Flyer accidents do happen. Participants over the 90,000 miles have experienced a couple of broken bones, but no injuries more serious than that, Nix and Klein said.

“We had one who had an accident within 30 minutes of picking up the scooter,” Klein said. “He said, ‘I just wanted to open it up and see what it could do.’”

Another rider fell over at a stoplight when he forgot to put his feet on the ground.

Participating employers

My City Rides uses the statistics it collects to persuade more employers to participate in the program. Employers set up the payroll deduction, but are not responsible for paying for the scooter.

Participating employers so far are: Crosstown Arts; Dowco Construction Inc.; Ewing Moving; Explore Bike Share; Gilmore Apartments; Juice Plus+ Company LLC; Memphis Jewish Home & Rehab; Memphis Leadership Foundation; Memphis Rox; Muddy's Bake Shop; Right At Home; Southern College of Optometry; Tamburrino Inc.; The Hub Automotive; Trezevant Manor; Trolley Stop Market; and UPS.

Buying in

Three of the ways in which My City Rides sells scooters are:

  • Qualified riders paying $90 a month through payroll deductions with participating employers. It’s essentially a no-interest loan;
  • Qualified riders paying $90 a month through direct drafts from their bank accounts;
  • And anyone paying the full amount, $2,899, for the SYM 169cc Fiddle III.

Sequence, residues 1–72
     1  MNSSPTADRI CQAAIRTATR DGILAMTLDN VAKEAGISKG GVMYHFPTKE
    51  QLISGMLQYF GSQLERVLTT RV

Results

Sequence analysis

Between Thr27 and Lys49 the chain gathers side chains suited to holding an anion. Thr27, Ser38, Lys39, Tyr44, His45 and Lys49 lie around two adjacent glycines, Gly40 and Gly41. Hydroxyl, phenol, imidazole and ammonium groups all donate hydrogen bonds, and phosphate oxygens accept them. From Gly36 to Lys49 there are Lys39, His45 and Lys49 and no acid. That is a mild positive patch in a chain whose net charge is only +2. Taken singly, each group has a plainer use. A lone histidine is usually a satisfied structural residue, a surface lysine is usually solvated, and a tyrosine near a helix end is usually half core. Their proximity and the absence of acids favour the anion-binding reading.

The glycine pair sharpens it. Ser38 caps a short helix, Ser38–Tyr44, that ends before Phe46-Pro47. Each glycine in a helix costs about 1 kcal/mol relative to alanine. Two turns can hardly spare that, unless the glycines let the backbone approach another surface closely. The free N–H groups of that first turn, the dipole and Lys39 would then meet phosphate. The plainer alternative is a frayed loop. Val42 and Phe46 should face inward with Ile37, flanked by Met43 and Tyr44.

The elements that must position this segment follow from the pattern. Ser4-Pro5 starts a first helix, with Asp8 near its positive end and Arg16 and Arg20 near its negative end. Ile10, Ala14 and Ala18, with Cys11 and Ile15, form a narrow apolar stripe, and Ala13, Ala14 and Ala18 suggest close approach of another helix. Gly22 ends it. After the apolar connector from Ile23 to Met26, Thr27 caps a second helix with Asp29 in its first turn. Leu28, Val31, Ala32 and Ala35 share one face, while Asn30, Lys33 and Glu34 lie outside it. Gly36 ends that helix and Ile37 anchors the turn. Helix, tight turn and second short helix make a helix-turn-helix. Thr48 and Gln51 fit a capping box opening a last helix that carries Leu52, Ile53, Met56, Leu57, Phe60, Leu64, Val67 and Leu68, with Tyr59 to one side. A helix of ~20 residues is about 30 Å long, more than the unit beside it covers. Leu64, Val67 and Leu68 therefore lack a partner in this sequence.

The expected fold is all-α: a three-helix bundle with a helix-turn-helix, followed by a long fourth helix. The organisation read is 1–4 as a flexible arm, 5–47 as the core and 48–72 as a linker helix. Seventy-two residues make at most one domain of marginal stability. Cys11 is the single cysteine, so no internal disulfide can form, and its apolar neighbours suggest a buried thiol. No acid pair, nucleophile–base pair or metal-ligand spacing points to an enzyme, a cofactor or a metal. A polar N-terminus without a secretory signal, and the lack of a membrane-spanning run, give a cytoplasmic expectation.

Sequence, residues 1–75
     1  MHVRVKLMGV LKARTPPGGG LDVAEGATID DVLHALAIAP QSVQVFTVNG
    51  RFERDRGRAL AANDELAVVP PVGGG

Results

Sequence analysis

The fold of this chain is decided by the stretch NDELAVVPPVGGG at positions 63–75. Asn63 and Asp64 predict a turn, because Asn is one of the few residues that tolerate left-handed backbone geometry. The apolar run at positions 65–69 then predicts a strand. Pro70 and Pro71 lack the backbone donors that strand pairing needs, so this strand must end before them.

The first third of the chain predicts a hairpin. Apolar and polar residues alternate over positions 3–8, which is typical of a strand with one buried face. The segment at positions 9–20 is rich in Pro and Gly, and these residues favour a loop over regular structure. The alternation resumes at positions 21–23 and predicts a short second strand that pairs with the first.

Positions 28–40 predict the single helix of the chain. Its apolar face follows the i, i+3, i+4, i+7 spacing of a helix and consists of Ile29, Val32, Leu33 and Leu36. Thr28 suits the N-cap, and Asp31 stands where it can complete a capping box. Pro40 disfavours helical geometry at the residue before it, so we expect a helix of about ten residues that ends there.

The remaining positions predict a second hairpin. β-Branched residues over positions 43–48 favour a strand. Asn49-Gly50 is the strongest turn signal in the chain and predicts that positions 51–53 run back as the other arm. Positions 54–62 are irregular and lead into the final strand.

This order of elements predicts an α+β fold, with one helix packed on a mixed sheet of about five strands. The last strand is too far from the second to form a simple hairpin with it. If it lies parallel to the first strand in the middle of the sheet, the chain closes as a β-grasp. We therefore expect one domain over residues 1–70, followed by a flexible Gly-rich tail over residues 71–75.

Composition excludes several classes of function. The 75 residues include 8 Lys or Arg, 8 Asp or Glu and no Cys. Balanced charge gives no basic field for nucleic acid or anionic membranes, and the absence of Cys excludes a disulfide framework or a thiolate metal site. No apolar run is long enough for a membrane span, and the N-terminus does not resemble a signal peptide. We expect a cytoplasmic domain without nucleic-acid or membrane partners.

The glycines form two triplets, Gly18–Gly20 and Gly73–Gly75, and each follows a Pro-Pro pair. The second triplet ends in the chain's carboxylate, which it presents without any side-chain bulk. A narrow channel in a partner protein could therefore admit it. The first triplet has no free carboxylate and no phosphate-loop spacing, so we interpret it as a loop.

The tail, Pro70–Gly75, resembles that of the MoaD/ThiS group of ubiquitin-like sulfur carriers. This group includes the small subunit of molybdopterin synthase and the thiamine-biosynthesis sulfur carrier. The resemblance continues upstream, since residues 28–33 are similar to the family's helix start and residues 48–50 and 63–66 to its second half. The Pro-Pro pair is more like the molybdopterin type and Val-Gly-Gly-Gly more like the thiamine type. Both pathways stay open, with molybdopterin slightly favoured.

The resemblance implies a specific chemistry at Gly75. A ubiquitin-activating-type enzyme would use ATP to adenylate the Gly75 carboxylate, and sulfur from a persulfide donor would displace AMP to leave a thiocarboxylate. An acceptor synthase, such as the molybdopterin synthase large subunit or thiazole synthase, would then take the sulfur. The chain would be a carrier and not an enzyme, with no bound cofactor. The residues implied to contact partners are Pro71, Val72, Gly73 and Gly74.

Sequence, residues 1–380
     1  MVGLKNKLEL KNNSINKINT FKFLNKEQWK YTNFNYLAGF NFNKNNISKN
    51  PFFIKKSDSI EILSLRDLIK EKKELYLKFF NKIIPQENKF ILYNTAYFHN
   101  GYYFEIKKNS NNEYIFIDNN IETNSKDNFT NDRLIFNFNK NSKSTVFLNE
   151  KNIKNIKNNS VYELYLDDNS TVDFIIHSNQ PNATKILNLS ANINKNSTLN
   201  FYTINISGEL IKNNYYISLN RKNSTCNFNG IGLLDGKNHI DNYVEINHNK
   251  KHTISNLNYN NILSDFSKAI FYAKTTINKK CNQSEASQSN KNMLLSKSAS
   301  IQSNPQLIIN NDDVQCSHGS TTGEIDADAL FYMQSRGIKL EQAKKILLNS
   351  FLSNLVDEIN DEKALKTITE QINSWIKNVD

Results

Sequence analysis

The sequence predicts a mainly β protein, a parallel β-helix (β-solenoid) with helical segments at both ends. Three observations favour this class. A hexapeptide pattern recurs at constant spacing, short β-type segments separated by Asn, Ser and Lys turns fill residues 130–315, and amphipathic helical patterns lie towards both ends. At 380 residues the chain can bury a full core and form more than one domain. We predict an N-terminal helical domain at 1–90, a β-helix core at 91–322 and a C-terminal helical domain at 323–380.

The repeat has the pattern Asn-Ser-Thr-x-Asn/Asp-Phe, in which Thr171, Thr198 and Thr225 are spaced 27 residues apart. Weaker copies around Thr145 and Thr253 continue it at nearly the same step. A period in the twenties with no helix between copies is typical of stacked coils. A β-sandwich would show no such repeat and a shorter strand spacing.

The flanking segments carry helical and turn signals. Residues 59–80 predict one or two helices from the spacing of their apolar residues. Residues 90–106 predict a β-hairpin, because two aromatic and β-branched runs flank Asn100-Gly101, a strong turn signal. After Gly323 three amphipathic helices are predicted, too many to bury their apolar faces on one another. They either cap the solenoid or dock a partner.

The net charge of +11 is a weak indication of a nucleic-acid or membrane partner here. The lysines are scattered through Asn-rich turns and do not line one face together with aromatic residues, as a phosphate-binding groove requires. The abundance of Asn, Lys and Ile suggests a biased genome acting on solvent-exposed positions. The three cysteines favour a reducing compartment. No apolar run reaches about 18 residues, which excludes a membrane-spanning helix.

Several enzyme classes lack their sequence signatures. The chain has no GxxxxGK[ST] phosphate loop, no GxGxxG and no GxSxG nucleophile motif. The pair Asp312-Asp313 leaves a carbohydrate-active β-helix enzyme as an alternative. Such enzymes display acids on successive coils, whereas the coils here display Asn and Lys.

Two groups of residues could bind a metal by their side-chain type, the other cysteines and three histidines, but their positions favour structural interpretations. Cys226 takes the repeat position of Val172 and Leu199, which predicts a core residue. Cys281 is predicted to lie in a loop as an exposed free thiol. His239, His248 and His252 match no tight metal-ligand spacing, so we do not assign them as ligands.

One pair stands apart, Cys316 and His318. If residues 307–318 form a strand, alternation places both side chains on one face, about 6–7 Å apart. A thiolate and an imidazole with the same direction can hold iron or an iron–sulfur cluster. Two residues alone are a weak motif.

Year two

 My City Rides has a critical mass of scooters on the road, the sales and maintenance structure it needs, the software it likes,  a team of five employees, and 100 more scooters in the warehouse.

“We are ready to put the word out there to aggressively market, to double our ridership, ” Nix said. "We are eagerly accepting applicants.”

The organization plans to launch a social-media marketing and branding campaign from May through October.

For more information, visit


Workforce Development Transportation Economic Development My City Rides Memphis Kings Scooter Club Motor Scooters
Tom Bailey

Tom Bailey

Tom Bailey covers business news for The Daily Memphian. A Tupelo, Mississippi, native, he graduated from Mississippi State University. He's worked in journalism for 40 years and has lived in Midtown for 36 years.